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Relationship between patient-perceived vocal handicap and clinician-rated level of vocal dysfunction

Lesley F Childs, Clifford Bielinski, Laura Toles, Amy Hamilton, Janis Deane, Ted Mau
Laryngoscope 2015, 125 (1): 180-5
25123059

OBJECTIVES/HYPOTHESIS: The relationship between patient-reported vocal handicap and clinician-rated measures of vocal dysfunction is not understood. This study aimed to determine if a correlation exists between the Voice Handicap Index-10 (VHI-10) and the Voice Functional Communication Measure rating in the National Outcomes Measurement System (NOMS).

STUDY DESIGN: Retrospective case series.

METHODS: Four hundred and nine voice evaluations over 12 months at a tertiary voice center were reviewed. The VHI-10 and NOMS scores, diagnoses, and potential comorbid factors were collected and analyzed.

RESULTS: For the study population as a whole, there was a moderate negative correlation between the NOMS rating and the VHI-10 (Pearson r = -0.57). However, for a given NOMS level, there could be considerable spread in the VHI-10. In addition, as the NOMS decreased stepwise below level 4, there was a corresponding increase in the VHI-10. However, a similar trend in VHI-10 was not observed for NOMS above level 4, indicating the NOMS versus VHI-10 correlation was not linear. Among diagnostic groups, the strongest correlation was found for subjects with functional dysphonia. The NOMS versus VHI-10 correlation was not affected by gender or the coexistence of a psychiatric diagnosis.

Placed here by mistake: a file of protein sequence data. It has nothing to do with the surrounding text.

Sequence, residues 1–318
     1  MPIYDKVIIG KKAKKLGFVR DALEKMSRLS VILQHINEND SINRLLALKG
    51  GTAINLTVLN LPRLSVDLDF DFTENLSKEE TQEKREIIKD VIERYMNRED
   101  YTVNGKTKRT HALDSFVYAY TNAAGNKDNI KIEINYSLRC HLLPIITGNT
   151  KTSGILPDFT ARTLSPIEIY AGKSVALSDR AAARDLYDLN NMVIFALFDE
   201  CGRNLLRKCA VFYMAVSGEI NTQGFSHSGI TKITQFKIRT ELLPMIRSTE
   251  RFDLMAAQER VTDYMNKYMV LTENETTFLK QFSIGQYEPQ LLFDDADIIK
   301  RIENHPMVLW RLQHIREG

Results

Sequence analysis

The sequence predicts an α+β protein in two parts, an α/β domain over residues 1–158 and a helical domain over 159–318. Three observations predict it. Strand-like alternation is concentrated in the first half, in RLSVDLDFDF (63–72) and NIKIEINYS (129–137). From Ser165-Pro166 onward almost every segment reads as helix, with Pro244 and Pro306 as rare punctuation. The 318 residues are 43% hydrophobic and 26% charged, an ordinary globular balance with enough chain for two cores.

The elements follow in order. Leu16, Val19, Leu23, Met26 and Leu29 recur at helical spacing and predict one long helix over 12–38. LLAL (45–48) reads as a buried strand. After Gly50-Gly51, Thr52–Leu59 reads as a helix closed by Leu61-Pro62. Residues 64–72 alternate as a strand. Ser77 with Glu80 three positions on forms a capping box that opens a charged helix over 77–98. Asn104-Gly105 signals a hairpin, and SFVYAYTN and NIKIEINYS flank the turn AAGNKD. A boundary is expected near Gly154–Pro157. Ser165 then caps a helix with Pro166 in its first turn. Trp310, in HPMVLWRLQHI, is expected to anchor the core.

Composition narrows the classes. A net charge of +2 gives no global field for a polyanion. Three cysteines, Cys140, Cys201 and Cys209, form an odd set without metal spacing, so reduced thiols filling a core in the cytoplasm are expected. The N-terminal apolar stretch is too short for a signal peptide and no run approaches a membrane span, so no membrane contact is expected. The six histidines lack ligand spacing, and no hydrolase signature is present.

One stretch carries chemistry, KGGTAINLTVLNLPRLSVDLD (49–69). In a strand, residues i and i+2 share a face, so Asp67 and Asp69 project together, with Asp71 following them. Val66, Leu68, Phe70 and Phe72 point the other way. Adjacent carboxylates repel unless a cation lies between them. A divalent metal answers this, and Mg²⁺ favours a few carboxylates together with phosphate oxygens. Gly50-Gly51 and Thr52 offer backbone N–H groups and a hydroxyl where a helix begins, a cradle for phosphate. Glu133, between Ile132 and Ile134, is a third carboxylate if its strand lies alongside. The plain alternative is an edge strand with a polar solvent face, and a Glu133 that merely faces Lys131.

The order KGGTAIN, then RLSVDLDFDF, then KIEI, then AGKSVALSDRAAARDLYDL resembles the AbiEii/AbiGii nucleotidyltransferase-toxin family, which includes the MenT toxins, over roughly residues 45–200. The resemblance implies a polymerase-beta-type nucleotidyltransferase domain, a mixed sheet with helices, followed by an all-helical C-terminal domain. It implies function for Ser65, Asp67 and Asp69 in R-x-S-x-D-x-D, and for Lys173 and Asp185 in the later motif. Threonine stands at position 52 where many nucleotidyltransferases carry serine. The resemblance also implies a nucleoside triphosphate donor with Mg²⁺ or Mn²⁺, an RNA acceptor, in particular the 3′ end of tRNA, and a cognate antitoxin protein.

CONCLUSIONS: A simple relationship between VHI-10 and NOMS rating does not exist. Patients with mild vocal dysfunction have a less direct relationship between their NOMS ratings and the VHI-10. These findings provide insight into the interpretation of patient-perceived and clinician-rated measures of vocal function and may allow for better management of expectations and patient counseling in the treatment of voice disorders.

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